Loose Change No. 8: Why We Lost in Afghanistan, or What Happens When People Stop Reading Weber
Updated: Feb 20
Donald Rumsfeld ultimately was right about Afghanistan though not necessarily for the right reasons. America should have steered clear of having any but the most limited aims there for the simple reason that the US Government lacks the wherewithal to do more and better. This has nothing about resources, which in the context of post-9/11 America were virtually without limit. It’s about having no understanding of Afghanistan, and also no understanding of what it would take to establish a legitimate state, or even just of thinking about state legitimacy. Indeed, the US military doctrine on COIN that emerged a few years after the start of the war all state clearly that legitimacy is everything yet have nothing to say, really, about how that is achieved. The USG defaulted to an apolitical understanding that boiled legitimacy down to the observance of some forms of democratic governance and Weberian bureaucracy, service provision, and economic incentives: Maybe if we threw enough cash around and built enough school buildings…
Max Weber himself wrote about the nation-state in terms of a monopoly over the legitimate use of violence (which in Afghanistan we undermined incessantly), and he associated legitimacy with either legal, traditional, or charismatic forms of authority. Legal only works in unusual circumstances, like in the case of the English constitution, and it’s hard to detach from traditional authority. Charisma? Well, as far as anyone can tell, the US picked Hamid Karzai because he looked and sounded the part—that lamb fetus hat helped—and because he met some criteria we believed relevant, though for absolutely no reason since none of the people who made the choice knew anything. Tradition? There’s the rub. What we imposed on Afghanistan usurped tradition and was revolutionary. So what makes revolutionary regimes legitimate? Not service provision. Not CERP. Not the observance of a few rites like a Loya Jerga that we imagined had some magical effect. Funny enough, David Galula, whom Petraeus reportedly regarded as an oracle, had a few ideas which everyone seemed to have ignored. Like ideology. Ideas. A political movement. If only there were scholars who studied revolutions…have any historians written about them?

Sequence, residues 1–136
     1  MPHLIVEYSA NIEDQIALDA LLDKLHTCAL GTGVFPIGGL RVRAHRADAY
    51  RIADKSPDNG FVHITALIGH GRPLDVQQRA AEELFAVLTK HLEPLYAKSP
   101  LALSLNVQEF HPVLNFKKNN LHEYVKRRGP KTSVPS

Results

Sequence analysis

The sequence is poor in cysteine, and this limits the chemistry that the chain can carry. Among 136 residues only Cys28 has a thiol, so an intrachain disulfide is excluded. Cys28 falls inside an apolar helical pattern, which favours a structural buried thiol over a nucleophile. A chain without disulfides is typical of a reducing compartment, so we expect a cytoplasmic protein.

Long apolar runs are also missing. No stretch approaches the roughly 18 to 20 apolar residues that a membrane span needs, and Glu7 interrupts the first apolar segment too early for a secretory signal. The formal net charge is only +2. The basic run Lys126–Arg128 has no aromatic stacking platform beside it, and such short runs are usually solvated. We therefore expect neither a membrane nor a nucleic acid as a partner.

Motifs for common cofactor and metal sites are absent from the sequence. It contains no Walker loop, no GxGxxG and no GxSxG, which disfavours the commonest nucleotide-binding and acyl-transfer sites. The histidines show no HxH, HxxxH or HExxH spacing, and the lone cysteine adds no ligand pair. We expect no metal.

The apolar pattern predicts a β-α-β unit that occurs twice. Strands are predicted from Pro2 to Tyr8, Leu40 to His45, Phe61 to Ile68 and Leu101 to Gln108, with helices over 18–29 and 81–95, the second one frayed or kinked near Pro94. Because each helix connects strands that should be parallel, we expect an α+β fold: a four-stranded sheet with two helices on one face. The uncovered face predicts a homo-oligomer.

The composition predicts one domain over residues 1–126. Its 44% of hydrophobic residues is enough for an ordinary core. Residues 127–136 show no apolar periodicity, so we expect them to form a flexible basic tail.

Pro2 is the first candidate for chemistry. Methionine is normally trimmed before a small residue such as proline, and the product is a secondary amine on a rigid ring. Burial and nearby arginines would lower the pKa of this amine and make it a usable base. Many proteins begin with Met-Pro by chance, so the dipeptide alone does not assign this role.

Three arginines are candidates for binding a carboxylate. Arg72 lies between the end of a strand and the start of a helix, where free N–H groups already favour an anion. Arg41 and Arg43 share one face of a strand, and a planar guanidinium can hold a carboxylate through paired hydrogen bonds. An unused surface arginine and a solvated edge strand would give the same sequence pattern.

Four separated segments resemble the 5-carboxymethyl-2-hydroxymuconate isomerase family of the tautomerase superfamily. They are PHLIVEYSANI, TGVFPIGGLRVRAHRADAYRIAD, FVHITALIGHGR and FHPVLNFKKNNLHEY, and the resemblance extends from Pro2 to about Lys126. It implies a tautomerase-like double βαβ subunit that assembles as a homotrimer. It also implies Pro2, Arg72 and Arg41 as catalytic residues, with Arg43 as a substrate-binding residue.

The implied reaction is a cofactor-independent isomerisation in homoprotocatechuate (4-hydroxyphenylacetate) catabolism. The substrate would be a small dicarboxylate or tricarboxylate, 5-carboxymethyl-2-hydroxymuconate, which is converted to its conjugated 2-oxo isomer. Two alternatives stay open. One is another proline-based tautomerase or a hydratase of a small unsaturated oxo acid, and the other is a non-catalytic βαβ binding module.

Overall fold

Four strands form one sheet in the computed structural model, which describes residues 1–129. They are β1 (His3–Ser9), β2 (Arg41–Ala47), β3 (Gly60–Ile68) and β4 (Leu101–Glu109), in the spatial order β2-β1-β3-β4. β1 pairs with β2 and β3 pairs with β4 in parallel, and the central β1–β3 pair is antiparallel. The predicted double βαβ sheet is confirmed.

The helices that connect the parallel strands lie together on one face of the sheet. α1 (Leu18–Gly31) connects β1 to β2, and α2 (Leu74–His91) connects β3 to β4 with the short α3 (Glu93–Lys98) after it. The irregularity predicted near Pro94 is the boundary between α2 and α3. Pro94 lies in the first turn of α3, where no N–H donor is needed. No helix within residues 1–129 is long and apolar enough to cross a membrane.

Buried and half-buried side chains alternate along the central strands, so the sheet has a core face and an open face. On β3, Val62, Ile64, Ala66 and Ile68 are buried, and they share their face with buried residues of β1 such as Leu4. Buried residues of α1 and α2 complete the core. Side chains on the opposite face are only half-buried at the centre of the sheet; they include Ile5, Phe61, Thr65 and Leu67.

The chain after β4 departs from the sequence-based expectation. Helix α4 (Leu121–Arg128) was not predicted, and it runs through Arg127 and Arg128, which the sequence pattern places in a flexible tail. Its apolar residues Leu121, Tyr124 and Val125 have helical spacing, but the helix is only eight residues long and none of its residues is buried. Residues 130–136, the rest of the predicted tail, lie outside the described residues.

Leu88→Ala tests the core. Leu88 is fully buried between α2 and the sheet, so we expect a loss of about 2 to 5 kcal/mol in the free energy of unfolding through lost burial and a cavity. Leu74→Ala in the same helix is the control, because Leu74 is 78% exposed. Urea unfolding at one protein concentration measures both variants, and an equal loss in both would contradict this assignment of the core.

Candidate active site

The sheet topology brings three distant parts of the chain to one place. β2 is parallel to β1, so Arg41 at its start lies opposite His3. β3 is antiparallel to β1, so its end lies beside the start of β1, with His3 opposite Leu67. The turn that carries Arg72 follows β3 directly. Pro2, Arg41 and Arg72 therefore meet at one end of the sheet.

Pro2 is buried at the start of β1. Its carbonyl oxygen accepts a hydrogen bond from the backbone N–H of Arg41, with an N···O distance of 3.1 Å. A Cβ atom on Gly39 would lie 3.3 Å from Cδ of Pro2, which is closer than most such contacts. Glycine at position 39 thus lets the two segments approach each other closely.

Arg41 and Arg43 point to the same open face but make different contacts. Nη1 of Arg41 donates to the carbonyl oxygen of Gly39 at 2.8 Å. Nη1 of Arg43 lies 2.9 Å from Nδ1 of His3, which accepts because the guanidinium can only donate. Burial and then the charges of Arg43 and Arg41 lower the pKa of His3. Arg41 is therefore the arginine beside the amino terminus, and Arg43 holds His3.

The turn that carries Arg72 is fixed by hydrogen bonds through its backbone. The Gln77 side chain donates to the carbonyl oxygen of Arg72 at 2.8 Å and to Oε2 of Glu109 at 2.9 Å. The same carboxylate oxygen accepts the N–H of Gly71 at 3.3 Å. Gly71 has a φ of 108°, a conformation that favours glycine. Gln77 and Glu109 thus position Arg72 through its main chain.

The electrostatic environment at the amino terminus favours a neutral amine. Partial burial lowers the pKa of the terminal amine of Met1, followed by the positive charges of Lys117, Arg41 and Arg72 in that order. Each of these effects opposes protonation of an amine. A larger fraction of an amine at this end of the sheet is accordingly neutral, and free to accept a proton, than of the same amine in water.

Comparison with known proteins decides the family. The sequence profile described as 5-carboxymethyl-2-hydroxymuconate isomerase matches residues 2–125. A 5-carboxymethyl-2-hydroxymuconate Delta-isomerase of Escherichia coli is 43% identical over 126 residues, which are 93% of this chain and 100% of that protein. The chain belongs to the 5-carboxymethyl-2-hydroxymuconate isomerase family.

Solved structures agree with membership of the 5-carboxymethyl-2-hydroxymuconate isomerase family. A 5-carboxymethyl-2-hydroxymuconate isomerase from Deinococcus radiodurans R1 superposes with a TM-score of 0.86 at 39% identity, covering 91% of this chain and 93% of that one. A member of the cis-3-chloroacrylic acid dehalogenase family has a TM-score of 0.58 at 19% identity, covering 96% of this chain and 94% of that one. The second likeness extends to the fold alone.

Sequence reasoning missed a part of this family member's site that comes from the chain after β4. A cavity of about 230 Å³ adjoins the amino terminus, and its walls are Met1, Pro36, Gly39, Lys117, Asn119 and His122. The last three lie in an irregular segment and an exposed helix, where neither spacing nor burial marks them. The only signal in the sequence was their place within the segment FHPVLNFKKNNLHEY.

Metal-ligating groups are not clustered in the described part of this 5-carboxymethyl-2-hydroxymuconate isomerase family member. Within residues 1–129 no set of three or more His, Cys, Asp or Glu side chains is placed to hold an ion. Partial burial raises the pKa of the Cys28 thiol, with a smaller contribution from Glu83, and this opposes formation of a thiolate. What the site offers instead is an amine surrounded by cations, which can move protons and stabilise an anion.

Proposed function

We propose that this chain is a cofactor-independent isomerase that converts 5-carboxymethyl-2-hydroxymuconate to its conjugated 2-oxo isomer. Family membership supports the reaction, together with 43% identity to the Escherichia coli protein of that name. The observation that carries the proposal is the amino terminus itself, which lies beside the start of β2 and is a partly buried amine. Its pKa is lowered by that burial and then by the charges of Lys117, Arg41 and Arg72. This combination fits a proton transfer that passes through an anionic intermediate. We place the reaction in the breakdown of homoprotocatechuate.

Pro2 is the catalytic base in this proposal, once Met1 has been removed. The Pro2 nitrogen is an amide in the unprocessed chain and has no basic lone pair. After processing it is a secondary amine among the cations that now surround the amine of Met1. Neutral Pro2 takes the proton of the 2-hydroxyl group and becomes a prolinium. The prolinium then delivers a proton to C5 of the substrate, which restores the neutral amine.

True story: I met with one of the senior American diplomats who was responsible for many of the big choices of 2001-2005 regarding who would rule Afghanistan and how. I told him I wanted to do a study of legitimacy in Afghanistan to understand really what it would take. This was in maybe 2010-2011. He said to me, “What makes you think Karzai and his government aren’t legitimate? His polling numbers are strong.”